Thermal conductivity measurments of earth materials under high pressure and high temperature
Grant-in-Aid for Scientific Research (C)
|Allocation Type||Single-year Grants|
|Research Institution||National Science Museum|
OSAKA Masahiro Department of Science and Engineering, National Science Museum, 理工学研究部, 室長 (60132693)
|Project Period (FY)
1997 – 1999
Completed(Fiscal Year 1999)
|Budget Amount *help
¥3,300,000 (Direct Cost : ¥3,300,000)
Fiscal Year 1999 : ¥500,000 (Direct Cost : ¥500,000)
Fiscal Year 1998 : ¥600,000 (Direct Cost : ¥600,000)
Fiscal Year 1997 : ¥2,200,000 (Direct Cost : ¥2,200,000)
|Keywords||MANTLE MATERIALS / THERMAL CONDUCTIVITY / THERMAL DIFFUSIVITY / HIGH-PRESSURE / DEEP INTERIOR OF THE EARTH / 高圧|
To investigate the thermal state of the earth's mantle, the author measured the thermal conductivity and the thermal diffusivity of mantle candidate minerals under high pressure and at high temperature.
A pulse method using one-dimensional heat flow has been applied to simultaneous thermal diffusivity and thermal conductivity measurements. The sample, made in the form of three identical thin disks, is heated by a pulse current in a thin heater inserted into one interface of the stacked disks. Change of temperature is detected by a thermocouple on the other interface. Thermal diffusivity is determined from decay time of the temperature profile, and thermal conductivity is calculated from the rise of temperature and an electric power for the known thickness of the sample.
Experiments were performed using a uniaxial split-sphere high-pressure apparatus. A magnesia octahedron with a edge length of 18 mm was used as a pressure medium in tungsten carbide anvils with a truncation of 11 mm. Size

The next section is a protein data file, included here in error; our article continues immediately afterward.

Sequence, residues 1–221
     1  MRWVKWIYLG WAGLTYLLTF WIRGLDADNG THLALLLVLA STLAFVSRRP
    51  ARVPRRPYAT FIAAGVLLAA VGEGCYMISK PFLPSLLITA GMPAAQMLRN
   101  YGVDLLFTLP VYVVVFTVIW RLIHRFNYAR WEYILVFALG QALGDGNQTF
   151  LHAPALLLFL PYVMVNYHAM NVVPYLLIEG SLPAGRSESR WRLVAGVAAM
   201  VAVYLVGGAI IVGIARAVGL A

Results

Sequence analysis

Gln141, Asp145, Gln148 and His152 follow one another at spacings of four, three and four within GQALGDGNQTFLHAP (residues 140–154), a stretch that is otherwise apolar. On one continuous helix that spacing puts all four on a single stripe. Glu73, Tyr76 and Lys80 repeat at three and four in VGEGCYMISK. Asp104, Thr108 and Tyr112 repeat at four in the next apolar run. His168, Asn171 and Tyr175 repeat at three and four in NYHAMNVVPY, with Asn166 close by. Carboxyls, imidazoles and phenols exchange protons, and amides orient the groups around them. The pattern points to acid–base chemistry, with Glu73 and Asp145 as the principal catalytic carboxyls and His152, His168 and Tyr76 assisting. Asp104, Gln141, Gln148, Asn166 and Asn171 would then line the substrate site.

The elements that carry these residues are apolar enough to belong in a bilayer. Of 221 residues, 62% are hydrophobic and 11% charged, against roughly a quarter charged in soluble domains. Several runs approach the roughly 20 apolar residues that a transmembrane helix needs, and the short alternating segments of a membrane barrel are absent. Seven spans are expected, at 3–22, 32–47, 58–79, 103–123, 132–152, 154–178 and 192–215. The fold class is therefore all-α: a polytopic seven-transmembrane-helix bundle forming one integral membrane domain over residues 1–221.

s of the samples were 4 mm in diameter and 1 mm in height. A pair of metallic planar furnaces in the octahedron was used for experiments at high temperatures.
Measurements were made on fused silica, garnet and olivine under pressures up to 8.2 GPa. Extrapolated values of thermal conductivity or thermal diffusiivity to zero pressure agree with those obtained by other methods. Reproducibilities of measurements are within 7 per cent for thermal diffusively and within 15 per cent for thermal conductivity.
Pressure dependences on thermal diffusively or thermal conductivity of mantle minerals are tow or three per cent increase per 1 GPa for garnets and five per cent increase per 1 GPa for the b-axis direction of olivine.
Garnet and olivine were measured at temperatures up to 1000 K under 8.2 GPa. The thermal diffusively or the thermal conductivity of garnet decreases moderately with temperature increase unlike normal insulators in the T-inverse law of thermal conductivity. This is the same effect as seen in previous results under zero pressure. Less
Research Output (8results)